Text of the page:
Education & Classes
The NAMI Family-to-Family Education Program is a free, 12-week course for family caregivers of individuals with severe mental illnesses.
- The course is taught by trained family members
- All instruction and course materials are free to class participants
- Over 300,000 family members have graduated from this national program
What does the course include?
- Current information about schizophrenia, major depression, bipolar disorder (manic depression), panic disorder, obsessive-compulsive disorder, borderline personality disorder, and co-occurring brain disorders and addictive disorders
- Up-to-date information about medications, side effects, and strategies for medication adherence
- Current research related to the biology of brain disorders and the evidence-based, most effective treatments to promote recovery
- Gaining empathy by understanding the subjective, lived experience of a person with mental illness
- Learning in special workshops for problem solving, listening, and communication techniques
- Acquiring strategies for handling crises and relapse
- Focusing on care for the caregiver: coping with worry, stress, and emotional overload
- Guidance on locating appropriate supports and services within the community
- Information on advocacy initiatives designed to improve and expand services.
NAMI Basics is the new signature education program for parents and other caregivers of children and adolescents living with mental illnesses. The NAMI Basics course is taught by trained teachers who are the parent or other caregivers of individuals who developed the symptoms of mental illness prior to the age of 13 years.
The course consists of six classes, each lasting for 2 ½ hours. Classes may be offered weekly for six consecutive weeks, or may be offered twice per week for three weeks to accommodate the hectic schedules of parents.
All instruction materials are FREE to participants.
What is NAMI’s Peer-to-Peer Program?
Peer-to-Peer is a unique, experiential learning program for people with any serious mental illness who are interested in establishing and maintaining their wellness and recovery.
- The course was written by Kathryn Cohan McNulty, a person with a psychiatric disability who is also a former provider and manager in the mental health field and a longtime mutual support group member and facilitator.
- An advisory board comprised of NAMI consumer members, in consultation with Joyce Burland, Ph.D., author of the successful NAMI Family-to-Family Education program, helped guide the curriculum’s development.
- Since 2005, NAMI’s Peer-to-Peer Recovery Program has been supported by AstraZeneca.
What does the course include?
- Peer-to-Peer consists of ten two-hour units and is taught by a team of two trained “Mentors” and a volunteer support person who are personally experienced at living well with mental illness.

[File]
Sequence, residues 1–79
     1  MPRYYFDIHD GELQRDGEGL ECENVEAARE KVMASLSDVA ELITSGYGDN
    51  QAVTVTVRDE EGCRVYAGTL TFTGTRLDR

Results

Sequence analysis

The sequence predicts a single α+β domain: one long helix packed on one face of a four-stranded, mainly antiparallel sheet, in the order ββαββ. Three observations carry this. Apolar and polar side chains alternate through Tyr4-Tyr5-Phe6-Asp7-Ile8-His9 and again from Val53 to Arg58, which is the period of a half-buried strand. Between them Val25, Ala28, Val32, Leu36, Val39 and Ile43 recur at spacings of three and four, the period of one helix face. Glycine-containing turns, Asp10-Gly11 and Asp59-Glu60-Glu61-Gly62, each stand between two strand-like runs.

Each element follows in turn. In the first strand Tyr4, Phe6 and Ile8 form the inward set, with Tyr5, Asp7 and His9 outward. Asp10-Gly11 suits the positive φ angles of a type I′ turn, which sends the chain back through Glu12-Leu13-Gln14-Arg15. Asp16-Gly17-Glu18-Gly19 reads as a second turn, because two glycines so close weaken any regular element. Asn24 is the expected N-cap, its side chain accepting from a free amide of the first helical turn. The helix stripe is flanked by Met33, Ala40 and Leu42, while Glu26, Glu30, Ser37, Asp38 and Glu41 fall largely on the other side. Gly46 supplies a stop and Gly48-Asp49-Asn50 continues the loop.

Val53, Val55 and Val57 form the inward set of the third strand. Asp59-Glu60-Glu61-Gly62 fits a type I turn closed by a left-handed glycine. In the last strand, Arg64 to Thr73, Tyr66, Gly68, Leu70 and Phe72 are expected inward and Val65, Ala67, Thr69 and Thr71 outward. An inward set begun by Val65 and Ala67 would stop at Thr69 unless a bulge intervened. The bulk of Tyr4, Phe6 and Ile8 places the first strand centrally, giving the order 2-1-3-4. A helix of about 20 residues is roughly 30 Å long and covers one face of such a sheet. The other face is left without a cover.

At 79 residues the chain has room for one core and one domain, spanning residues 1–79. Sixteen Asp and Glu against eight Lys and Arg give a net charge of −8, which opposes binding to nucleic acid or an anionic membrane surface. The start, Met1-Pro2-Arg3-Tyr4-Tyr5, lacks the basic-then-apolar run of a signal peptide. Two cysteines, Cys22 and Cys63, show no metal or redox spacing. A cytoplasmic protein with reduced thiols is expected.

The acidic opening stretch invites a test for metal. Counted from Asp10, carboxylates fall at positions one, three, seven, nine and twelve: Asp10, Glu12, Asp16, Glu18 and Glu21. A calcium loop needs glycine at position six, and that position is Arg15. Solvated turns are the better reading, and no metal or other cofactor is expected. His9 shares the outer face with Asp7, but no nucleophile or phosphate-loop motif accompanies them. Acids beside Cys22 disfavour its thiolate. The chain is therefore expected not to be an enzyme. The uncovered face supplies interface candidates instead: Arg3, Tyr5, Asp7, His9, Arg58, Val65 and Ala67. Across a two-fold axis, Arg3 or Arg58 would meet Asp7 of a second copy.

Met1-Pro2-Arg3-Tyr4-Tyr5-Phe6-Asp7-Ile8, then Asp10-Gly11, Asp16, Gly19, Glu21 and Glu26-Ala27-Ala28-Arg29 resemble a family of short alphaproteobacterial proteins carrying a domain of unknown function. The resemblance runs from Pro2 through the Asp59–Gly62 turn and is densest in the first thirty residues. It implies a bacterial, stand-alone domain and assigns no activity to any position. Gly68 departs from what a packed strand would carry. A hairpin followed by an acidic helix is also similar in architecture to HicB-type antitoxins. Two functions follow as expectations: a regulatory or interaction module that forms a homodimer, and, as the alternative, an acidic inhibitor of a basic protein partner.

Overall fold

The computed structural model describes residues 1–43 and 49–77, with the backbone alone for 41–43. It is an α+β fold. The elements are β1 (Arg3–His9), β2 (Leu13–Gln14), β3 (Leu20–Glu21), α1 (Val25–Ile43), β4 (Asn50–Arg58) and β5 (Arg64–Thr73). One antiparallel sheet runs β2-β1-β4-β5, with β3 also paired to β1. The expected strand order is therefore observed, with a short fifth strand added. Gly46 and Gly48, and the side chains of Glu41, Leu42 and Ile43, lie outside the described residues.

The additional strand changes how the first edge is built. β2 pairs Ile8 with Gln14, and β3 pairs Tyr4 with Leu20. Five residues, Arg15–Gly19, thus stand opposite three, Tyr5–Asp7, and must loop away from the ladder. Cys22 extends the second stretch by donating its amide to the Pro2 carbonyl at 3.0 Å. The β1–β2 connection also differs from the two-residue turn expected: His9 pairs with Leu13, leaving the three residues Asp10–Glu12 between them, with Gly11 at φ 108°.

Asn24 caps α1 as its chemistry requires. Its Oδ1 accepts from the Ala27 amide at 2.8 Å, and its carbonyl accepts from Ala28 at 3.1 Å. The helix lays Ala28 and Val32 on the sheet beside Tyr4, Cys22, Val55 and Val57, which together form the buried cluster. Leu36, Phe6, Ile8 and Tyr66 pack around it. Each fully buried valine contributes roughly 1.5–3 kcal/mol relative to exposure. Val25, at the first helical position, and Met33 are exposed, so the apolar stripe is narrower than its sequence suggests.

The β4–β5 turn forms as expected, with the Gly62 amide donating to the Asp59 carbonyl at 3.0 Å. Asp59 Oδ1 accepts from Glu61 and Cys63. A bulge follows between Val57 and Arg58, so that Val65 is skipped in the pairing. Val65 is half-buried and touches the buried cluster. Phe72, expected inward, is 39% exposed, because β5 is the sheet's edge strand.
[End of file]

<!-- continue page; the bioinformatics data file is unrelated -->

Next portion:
- Mentors are trained in an intensive three day training session and are supplied with teaching manuals.
- Participants come away from the course with a binder of hand-out materials, as well as many other tangible resources: an advance directive; a “relapse prevention plan” to help identify tell-tale feelings, thoughts, behavior, or events that may warn of impending relapse and to organize for intervention; mindfulness exercises to help focus and calm thinking; and survival skills for working with providers and the general public.
NAMI Homefront is a class for families, partners and friends of military service members and veterans experiencing a mental health challenge. The course is designed specifically to help these families understand those challenges and improve the ability of participants to support their service member or veteran.
NAMI Connection is a weekly recovery support group for people living with mental illness in which people learn from each others’ experiences, share coping strategies, and offer each other encouragement and understanding.
Mental Health First Aid is a groundbreaking public education program that helps the public identify, understand, and respond to signs of mental illnesses and substance use disorders. Mental Health First Aid USA is managed, operated, and disseminated by three national authorities — the National Council for Community Behavioral Healthcare, the Maryland Department of Health and Mental Hygiene, and the Missouri Department of Mental Health.
Mental Health First Aid is offered in the form of an interactive 12-hour course that presents an overview of mental illness and substance use disorders in the U.S. and introduces participants to risk factors and warning signs of mental health problems, builds understanding of their impact, and overviews common treatments. Those who take the 12-hour course to certify as Mental Health First Aiders learn a 5-step action plan encompassing the skills, resources and knowledge to help an individual in crisis connect with appropriate professional, peer, social, and self-help care.